Memoir of Henry Clay

Front Cover
J. Wilson and Son, 1880 - Statesmen - 39 pages
0 Reviews

What people are saying - Write a review

We haven't found any reviews in the usual places.

Selected pages

Other editions - View all

Common terms and phrases

Popular passages

Page 36 - I am a member of no religious sect, and I am not a professor of religion. I regret that I am not. I wish that I was, and trust that I shall be. I have, and always have had, a profound regard for Christianity, the religion of my fathers, and for its rites, its usages, and observances.
Page 23 - If I could be instrumental in eradicating this deepest stain upon the character of our country, and removing all cause of reproach on account of it, by foreign nations — If I could only be instrumental in ridding of this foul blot that revered state that gave me birth, or that not less beloved state which kindly adopted me as her son, I would not exchange the proud satisfaction which I should enjoy for the honor of all the triumphs ever decreed to the most successful conqueror.
Page 9 - I'll give thee this plague for thy dowry : be thou as chaste as ice, as pure as snow, thou shalt not escape calumny.
Page 24 - One section will stand in menacing and hostile array against the other. The collision of opinion will be quickly followed by the clash of arms. I will not attempt to describe scenes which now happily lie concealed from our view. Abolitionists themselves would shrink back in dismay and horror at the contemplation of desolated fields, conflagrated cities, murdered inhabit- * ants, and the overthrow of the fairest fabric of human government that ever rose to animate the hopes of civilized man.
Page 26 - ... my brother senators. If there be any here who retain wounded feelings of injury or dissatisfaction produced on such occasions, I beg to assure them that I now offer the most ample apology for any departure on my part from the established rules of parliamentary decorum and courtesy.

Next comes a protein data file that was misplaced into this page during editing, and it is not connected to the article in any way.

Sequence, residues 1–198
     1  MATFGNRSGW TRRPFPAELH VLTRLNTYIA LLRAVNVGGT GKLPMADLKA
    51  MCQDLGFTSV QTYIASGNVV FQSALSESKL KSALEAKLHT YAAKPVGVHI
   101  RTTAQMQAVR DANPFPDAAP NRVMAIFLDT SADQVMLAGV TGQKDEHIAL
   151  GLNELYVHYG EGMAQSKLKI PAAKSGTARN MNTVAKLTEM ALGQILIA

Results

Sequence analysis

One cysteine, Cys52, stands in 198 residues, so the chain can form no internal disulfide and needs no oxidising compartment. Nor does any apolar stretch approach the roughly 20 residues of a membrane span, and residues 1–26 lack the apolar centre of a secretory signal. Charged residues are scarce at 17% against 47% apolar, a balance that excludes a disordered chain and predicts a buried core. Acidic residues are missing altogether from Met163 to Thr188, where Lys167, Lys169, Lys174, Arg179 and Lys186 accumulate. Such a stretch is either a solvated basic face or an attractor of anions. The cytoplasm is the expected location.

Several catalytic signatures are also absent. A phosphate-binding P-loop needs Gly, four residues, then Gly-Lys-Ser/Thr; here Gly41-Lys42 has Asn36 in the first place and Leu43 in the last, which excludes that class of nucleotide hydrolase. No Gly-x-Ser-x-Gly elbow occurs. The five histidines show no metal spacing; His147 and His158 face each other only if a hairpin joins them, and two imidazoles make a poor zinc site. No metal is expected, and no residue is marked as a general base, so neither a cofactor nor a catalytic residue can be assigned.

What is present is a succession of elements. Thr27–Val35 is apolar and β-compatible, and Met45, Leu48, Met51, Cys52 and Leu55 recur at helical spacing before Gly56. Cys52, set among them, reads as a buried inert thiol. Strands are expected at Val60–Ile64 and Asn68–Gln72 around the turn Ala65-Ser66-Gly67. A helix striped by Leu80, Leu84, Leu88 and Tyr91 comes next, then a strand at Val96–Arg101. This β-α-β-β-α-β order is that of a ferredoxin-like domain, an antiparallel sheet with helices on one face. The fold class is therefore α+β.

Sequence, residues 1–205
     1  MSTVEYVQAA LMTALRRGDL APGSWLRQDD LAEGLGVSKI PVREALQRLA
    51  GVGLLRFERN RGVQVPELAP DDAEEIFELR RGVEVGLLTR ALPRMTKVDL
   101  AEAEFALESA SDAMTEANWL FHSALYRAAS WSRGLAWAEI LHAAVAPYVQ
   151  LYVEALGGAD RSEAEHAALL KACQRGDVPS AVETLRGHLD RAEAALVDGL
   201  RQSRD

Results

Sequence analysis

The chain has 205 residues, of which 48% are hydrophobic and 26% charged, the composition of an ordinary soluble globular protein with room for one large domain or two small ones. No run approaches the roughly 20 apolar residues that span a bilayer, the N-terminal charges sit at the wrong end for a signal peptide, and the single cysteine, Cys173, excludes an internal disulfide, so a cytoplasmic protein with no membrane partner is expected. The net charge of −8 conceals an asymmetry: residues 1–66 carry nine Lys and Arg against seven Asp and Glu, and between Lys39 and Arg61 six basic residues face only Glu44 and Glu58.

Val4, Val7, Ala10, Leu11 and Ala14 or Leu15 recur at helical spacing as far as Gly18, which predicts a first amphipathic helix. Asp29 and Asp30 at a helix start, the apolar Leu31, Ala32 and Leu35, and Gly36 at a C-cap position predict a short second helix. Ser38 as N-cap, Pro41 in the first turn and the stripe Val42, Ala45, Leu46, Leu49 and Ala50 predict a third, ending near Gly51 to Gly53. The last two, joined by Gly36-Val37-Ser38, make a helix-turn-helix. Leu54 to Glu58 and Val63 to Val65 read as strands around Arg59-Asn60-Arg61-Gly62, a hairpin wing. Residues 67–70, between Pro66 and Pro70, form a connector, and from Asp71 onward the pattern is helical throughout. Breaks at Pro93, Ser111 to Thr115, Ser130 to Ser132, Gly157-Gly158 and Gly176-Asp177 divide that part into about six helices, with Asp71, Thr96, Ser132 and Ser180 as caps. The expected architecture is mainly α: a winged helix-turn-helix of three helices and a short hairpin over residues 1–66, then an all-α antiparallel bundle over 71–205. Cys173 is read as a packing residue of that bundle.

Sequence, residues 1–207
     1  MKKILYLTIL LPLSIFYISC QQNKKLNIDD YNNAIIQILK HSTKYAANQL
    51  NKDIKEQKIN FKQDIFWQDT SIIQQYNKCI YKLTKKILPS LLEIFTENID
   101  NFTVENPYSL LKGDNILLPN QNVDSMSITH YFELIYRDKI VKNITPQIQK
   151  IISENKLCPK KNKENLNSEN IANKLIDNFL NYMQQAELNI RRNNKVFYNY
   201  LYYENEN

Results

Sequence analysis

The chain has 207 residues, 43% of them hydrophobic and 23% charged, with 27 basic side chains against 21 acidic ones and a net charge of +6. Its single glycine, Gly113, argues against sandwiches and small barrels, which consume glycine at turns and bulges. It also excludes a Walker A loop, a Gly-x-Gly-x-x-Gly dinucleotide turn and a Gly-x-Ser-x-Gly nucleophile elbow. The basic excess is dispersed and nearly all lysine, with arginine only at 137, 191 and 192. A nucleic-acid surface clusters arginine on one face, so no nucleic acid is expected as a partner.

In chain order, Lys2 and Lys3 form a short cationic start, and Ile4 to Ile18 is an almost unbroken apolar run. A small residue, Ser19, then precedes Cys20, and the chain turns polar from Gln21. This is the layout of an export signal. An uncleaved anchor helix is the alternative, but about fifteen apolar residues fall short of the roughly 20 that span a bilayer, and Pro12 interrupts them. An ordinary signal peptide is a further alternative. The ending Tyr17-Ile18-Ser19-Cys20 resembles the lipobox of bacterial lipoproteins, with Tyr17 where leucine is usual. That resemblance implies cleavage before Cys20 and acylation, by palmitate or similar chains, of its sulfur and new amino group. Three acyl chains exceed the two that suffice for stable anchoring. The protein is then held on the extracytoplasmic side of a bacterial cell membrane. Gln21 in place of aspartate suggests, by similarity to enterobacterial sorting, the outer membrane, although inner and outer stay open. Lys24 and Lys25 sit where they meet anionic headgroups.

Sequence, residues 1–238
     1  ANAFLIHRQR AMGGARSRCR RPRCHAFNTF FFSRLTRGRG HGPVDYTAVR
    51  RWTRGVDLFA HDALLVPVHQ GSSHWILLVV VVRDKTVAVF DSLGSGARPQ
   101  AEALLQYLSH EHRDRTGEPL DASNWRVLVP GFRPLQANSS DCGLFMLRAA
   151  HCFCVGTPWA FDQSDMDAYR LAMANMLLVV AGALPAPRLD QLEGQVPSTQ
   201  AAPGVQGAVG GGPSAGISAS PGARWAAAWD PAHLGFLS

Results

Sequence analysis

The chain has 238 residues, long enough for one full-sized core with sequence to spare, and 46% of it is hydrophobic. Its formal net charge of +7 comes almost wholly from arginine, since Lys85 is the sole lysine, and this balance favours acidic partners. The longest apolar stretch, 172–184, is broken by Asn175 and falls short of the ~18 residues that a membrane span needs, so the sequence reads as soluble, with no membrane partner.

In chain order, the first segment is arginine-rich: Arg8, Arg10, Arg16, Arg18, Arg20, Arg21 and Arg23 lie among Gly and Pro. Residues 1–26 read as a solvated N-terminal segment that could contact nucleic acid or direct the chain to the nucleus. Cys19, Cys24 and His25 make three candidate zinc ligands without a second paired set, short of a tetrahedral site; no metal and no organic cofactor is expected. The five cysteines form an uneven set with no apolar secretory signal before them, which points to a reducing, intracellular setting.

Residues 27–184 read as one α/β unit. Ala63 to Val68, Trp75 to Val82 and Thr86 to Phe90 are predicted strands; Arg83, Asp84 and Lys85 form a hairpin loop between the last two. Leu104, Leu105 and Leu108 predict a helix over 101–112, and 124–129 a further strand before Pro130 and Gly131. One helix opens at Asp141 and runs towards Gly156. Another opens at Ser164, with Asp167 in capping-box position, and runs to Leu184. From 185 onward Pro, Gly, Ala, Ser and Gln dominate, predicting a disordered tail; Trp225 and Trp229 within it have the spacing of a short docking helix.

Page 32 - Now, Mr. President, I stand here in my place, meaning to be unawed by any threats, whether they come from individuals or from States. I should deplore, as much as any man, living or dead, that arms should be raised against the authority of the Union, either by individuals or by States. But, after all that has occurred...
Page 32 - God to give me a voice to express my sentiments, or an arm. weak and enfeebled as it may be by age, that voice and that arm will be on the side of my country, for the support of the general authority, and for the maintenance of the powers of this Union!
Page 10 - As to my motives for tendering to him the Department of State when I did, let that man who questions them come forward; let him look around among statesmen and legislators of this nation and of that day; let him then select and name the man whom, by his pre-eminent talents, by his splendid services, by his ardent patriotism, by his allembracing public spirit, by his fervid eloquence in behalf of the rights and liberties of mankind, and by his long experience in the affairs of...
Page 9 - ... of them, as an able and successful negotiator for your interests in war and in peace with foreign powers, and as a powerful candidate for the highest of your trusts. The department of state itself was a station, which, by its bestowal, could confer neither profit nor honor upon him, but upon which he has shed unfading honor by the manner in which lie has discharged its duties.
Page 12 - frivolous and empty boast,' and says : ' If Earl Grey had been better informed he would have said that it was you who did most to call them into being. The South Americans owe to you more than to any man in either hemisphere their independence, you having led the way to our acknowledgment of it.

Bibliographic information